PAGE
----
Business Technology

Sunday 16 December 2018

Collison-backed digital bank Monzo could hit 1 million users 'in months'

Monzo (MONZO/PA)
Monzo (MONZO/PA)
Louise Kelly

Louise Kelly

Digital bank Monzo, who has the financial backing of the Collison brothers, could hit 1 million users within months.

But the app-only bank, which has already reached 750,000 users and is valued at $336m by its investors, needs them to do more than just sign up or encourage friends to join in order to "Monzo" one another funds and split restaurant bills.

Tom Blomfield, boss of challenger bank Monzo (Photo: PA)
Tom Blomfield, boss of challenger bank Monzo (Photo: PA)

The Irish brothers behind payments firm Stripe, Patrick and John Collison, contributed to a funding round for the UK bank last year.

In November 2017, Monzo announced that raised £71m from Goodwater Capital, Stripe and Michael Moritz in a funding round.

Earlier this year, the digital bank won approval from the Bank of England Prudential Regulation Authority (PRA) to offer its product in Ireland through the EU passporting facility.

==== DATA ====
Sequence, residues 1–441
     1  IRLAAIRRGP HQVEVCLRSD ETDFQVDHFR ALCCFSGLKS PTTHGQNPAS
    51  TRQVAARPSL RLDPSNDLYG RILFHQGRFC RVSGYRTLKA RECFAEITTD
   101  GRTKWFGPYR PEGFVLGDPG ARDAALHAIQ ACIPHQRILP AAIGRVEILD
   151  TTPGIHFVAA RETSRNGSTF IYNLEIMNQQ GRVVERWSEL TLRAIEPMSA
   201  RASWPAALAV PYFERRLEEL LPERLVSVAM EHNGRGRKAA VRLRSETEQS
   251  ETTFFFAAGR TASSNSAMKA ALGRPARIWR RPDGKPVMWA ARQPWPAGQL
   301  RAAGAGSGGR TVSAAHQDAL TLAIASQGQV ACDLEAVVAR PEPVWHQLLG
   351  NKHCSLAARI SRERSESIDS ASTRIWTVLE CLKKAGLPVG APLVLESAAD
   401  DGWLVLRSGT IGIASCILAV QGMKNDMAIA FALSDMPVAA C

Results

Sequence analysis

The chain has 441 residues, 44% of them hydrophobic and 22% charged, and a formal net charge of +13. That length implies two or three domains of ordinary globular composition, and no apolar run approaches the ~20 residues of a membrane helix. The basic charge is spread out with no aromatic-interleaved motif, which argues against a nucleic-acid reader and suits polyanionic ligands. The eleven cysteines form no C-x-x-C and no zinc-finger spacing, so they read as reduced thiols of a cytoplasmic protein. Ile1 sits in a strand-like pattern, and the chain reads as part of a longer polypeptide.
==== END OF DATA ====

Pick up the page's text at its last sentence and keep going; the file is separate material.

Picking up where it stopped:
"Passporting" is a European-wide arrangement that effectively mirrors regulation to help create a kind of financial services single market.

While the UK remains a member of the EU, Monzo is eligible to apply for additional rights for other member states - and Ireland was chosen first.

But to succeed in taking on the big banks, Monzo needs customers to treat it as their main account, where they deposit their salary and pay their bills.

At present only 1 in 5 of its users deposit their salary, with average balances of £1,400 per month, its chief executive Tom Blomfield said.

And popularity comes at a cost for Monzo, whose annual losses had more than quadrupled to £33.1m by February - when its user base stood it had around 500,000 users, its annual report released on Monday shows.

Blomfield said the bank could hit the million user mark by September or October. To make money, it hopes to use their spending data to nudge its customers towards third party products or services and to take a commission every time it is successful.

It does this by tracking customer spending habits in order to understand, for instance, how moving to a different provider for services like energy can save them money.


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